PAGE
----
In Defence of Leasehold

LEASEHOLD tenure has had more than its fair share of bad press over the last year or so. Some of the criticisms are justified, but others demonstrate a fundamental misunderstanding of the tenure, and the responsibilities of both landlord and tenant. Much has been reported about above-inflation rises in ground rents and the difficulties faced by tenants selling or mortgaging as a result.

Cynics suggest leaseholds exist to line the pockets of landlords, and even the Government is now questioning whether ground rents should be payable at all. Not for the first time, it is undertaking a review of leasehold tenure to see whether there could be a more equitable solution. Whilst a freehold is forever, leaseholders complain that their lease is time-expired – typically 99 or 125 years. Also, leaseholders often object to restrictions placed on them by the terms of their leases.

Stripping out the politics for a moment, the leasehold system has long provided for the maintenance and management of residential blocks. The freeholder or its agent has an obligation to manage the communal facilities and administer them for the common good. Of course we have all heard stories of abuse, but to mangle one of Churchill’s famed observations, leasehold is the worst form of governance, except for all the others. Without a structure that compels leaseholders to contribute to shared charges and to observe regulations, we all know individuals who would cease to pay or abuse the system, given the chance. Similarly, if the Government does legislate against ground rents, there is a very real possibility that freeholders, who would cease to have an economic interest in the property, would simply walk away and everything could dissolve into mismanagement and acrimony.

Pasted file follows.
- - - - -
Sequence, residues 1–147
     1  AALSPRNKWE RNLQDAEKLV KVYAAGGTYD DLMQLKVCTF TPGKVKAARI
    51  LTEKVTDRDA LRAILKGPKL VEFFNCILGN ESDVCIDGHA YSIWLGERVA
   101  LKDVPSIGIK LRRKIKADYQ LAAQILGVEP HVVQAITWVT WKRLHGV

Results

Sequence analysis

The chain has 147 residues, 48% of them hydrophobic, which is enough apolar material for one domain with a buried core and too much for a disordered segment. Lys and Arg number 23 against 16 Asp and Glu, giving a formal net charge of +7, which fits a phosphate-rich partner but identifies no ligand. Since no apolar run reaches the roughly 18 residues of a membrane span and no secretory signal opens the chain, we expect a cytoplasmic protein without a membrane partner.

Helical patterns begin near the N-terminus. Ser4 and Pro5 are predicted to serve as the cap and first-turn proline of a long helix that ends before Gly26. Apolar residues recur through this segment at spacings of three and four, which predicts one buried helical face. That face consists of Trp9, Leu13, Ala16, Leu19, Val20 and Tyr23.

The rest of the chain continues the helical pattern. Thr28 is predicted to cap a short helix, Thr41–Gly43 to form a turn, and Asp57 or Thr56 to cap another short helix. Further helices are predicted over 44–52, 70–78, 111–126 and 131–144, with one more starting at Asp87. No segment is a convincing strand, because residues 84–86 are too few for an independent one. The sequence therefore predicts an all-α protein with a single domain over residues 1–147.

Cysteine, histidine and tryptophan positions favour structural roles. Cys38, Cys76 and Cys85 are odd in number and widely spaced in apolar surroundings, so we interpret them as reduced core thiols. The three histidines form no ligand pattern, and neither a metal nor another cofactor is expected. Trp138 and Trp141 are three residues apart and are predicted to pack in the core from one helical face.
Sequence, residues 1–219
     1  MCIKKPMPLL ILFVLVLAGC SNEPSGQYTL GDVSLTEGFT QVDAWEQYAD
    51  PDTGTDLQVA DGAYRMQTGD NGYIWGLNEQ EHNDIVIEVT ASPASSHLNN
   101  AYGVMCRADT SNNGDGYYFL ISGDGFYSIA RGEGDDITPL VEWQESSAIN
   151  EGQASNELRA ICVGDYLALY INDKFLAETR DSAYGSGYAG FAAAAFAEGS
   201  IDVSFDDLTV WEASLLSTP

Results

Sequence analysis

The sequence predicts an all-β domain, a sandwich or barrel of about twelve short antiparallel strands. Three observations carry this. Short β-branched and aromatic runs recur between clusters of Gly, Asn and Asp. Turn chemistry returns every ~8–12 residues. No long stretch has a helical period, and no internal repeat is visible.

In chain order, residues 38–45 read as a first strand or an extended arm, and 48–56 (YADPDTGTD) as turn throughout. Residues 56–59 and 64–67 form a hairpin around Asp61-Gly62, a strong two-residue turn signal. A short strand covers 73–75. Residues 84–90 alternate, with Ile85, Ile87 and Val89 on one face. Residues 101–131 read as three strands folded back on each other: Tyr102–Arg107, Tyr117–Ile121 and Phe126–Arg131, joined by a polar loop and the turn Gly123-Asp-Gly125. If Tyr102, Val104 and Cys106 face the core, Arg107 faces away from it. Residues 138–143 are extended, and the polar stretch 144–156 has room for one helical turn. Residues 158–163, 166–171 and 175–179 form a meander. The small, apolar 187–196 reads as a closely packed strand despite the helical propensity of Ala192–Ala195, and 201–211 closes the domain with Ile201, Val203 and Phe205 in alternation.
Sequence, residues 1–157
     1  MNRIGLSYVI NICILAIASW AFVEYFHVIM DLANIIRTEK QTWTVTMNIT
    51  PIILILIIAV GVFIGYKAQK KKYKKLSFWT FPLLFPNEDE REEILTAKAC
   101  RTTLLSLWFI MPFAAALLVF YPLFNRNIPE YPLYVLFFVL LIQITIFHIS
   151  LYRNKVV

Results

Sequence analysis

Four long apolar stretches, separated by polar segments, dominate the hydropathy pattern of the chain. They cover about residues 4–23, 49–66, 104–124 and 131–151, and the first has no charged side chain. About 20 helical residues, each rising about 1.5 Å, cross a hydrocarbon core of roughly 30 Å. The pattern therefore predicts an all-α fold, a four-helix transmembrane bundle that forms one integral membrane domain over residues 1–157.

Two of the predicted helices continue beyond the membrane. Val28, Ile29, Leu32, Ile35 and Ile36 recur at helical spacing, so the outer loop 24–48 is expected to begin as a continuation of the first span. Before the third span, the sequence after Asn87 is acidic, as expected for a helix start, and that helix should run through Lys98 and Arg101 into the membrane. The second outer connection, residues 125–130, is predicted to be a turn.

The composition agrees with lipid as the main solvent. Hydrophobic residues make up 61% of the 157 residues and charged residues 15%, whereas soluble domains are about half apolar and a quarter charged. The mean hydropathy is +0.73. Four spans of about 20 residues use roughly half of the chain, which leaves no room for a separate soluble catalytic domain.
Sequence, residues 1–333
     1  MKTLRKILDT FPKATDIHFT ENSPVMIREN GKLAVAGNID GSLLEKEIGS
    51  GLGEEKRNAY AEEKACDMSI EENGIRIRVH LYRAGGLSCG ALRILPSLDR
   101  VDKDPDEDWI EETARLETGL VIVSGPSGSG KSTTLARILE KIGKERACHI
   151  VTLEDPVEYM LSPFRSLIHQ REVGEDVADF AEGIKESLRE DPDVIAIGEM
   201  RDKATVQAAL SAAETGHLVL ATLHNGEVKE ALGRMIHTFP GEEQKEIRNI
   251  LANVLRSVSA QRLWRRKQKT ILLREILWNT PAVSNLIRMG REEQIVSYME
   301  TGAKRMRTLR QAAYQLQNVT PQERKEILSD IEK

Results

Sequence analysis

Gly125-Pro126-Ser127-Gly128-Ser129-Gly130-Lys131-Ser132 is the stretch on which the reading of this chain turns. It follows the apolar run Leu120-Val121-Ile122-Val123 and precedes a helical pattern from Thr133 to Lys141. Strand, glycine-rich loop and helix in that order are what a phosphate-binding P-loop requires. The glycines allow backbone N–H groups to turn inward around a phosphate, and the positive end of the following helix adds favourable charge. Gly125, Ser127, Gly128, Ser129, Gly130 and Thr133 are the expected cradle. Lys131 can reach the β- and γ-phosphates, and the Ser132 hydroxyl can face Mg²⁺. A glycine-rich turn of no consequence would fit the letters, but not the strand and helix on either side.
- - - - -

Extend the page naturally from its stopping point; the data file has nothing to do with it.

The Government has been here before. The Commonhold and Leasehold Reform Act 2002 introduced the bold new prospect of condominium-style ownership, but it didn’t take off. There have been successive pieces of legislation to ease the process of enfranchisement, allowing leaseholders to either extend their leases or collectively buy their freeholds and, more recently, Right-To-Manage legislation gave leaseholders the chance to take over the management of their block. Much has been done to address inequalities and abuses, but the stumbling block to a better solution will always remain – someone has to have the power to make decisions, which will not always be universally popular, and to enforce payment. Freeholders and their agents will never win popularity polls, but any alternative system will need to address the practical issues, not just the politically fashionable ones, if it is to succeed.